Times names Bouazizi person of 2011

LONDON Wed Dec 28, 2011 10:54am GMT

Mannoubia Bouazizi, mother of Mohamed Bouazizi, looks at a picture of her son at her home in the Tunisian town of Sidi Bouzid, 265 km (165 miles) south of Tunis February 6, 2011. REUTERS/Louafi Larbi

Mannoubia Bouazizi, mother of Mohamed Bouazizi, looks at a picture of her son at her home in the Tunisian town of Sidi Bouzid, 265 km (165 miles) south of Tunis February 6, 2011.

Credit: Reuters/Louafi Larbi

Related Topics

LONDON (Reuters) - The Times on Wednesday named as person of the year Mohamed Bouazizi, a Tunisian whose self immolation inspired uprisings that toppled dictators across the Arab world and shook the region's remaining autocracies.

Bouazizi set himself alight last year after officials confiscated the unemployed 26-year-old's unlicensed grocery cart, reportedly slapping and insulting him. His desperate act struck a chord with millions of Arabs living with few job prospects or avenues for change under entrenched autocracies.

"The Times today names Mohamed Bouazizi, the street vendor who became the inspiration for the Arab Spring, as its person of the year," the paper said on its front page. "Bouazizi was no revolutionary, yet his lonely protest served as the catalyst for a wave of revolts that have transformed the Middle East."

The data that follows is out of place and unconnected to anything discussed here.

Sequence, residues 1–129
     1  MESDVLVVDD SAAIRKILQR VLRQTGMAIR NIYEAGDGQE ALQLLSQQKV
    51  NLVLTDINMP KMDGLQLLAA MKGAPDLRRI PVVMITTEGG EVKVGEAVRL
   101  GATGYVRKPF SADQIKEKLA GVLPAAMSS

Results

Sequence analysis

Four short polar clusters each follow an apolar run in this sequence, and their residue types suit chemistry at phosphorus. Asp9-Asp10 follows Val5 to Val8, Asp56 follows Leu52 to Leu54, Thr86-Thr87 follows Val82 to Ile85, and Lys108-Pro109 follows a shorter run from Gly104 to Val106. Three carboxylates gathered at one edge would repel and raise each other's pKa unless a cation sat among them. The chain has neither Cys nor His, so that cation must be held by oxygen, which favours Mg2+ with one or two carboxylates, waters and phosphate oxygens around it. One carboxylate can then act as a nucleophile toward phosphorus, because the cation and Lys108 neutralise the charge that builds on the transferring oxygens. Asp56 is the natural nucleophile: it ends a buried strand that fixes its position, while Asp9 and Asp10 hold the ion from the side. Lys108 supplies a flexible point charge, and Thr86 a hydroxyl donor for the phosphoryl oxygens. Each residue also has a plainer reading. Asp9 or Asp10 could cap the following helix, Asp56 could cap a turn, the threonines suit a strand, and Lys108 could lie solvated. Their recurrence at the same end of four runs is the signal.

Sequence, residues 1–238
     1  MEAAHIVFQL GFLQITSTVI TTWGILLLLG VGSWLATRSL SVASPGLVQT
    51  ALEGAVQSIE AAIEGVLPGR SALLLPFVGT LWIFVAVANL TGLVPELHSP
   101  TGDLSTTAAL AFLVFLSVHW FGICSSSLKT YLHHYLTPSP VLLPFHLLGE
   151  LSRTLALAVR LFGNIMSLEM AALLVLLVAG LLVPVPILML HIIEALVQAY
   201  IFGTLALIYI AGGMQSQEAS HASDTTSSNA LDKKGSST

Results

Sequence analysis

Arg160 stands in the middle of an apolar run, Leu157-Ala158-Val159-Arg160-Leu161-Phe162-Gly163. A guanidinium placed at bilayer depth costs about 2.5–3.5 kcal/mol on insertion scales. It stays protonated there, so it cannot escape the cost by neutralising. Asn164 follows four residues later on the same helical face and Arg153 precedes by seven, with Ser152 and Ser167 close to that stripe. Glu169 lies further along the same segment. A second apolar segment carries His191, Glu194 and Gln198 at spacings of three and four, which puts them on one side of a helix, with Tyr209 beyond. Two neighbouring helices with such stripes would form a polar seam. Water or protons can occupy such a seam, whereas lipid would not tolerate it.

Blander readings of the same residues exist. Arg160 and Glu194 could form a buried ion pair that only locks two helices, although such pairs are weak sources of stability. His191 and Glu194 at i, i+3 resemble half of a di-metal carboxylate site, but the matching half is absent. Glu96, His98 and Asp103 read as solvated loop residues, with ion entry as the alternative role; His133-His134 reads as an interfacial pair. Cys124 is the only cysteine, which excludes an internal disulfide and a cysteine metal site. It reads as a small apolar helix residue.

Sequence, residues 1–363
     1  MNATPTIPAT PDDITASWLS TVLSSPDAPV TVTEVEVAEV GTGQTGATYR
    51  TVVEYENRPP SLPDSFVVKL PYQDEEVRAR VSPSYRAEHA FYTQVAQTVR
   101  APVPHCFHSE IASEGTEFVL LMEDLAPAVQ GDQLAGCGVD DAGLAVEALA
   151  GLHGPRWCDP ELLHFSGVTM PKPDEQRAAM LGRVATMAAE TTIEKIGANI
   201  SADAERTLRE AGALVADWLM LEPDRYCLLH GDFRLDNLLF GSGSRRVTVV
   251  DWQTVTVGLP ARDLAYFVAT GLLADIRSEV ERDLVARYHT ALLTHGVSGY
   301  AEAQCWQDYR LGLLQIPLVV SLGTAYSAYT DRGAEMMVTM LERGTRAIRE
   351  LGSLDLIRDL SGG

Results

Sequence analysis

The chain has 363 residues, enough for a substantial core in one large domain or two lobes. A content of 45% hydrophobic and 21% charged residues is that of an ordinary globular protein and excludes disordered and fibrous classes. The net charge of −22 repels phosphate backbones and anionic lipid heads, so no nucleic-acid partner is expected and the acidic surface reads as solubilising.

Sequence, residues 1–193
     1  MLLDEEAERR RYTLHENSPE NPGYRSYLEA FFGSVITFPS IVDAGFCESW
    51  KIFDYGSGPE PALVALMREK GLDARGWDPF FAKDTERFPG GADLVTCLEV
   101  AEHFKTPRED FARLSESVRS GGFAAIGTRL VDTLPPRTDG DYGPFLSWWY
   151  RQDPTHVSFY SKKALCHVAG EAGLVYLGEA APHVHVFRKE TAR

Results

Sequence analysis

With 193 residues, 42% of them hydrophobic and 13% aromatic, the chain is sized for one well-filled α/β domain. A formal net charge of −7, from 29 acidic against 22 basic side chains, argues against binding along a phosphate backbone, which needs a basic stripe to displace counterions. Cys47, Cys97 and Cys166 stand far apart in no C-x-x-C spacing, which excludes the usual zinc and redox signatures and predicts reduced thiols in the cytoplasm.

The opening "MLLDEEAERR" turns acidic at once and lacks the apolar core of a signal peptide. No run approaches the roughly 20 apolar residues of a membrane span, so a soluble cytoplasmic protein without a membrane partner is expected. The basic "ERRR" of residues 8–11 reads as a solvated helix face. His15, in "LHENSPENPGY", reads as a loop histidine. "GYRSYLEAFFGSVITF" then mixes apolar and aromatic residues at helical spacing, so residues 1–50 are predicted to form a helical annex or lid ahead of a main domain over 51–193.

Bouazizi' death from his wounds in January prompted protests across Tunisia, forcing autocratic President Zine Al-Abidine Ben Ali to flee the country. Soon afterwards, millions took to the streets in Egypt, Libya, Syria and elsewhere to protest against repression, corruption, poverty and joblessness.

The uprisings unseated despots in Libya, Egypt and Yemen as well as Tunisia, while Syrian leader Bashar al-Assad's writ is disintegrating and other authoritarian rulers in the region are eyeing the tide of public anger with nervousness.

Tunisia has since elected new leaders through peaceful democratic elections.

In an October interview with Reuters, Bouazizi's mother Manoubia urged the new leaders to honour her son's sacrifice by helping poor people like him.

"Nothing would have happened if my son had not reacted against voicelessness and a lack of respect," she said.

"But I hope the people who are going to govern will be able to keep this message in mind and give consideration to all Tunisians, including the poor."

(Reporting by Mohammed Abbas)

FILED UNDER:
Comments (0)
This discussion is now closed. We welcome comments on our articles for a limited period after their publication.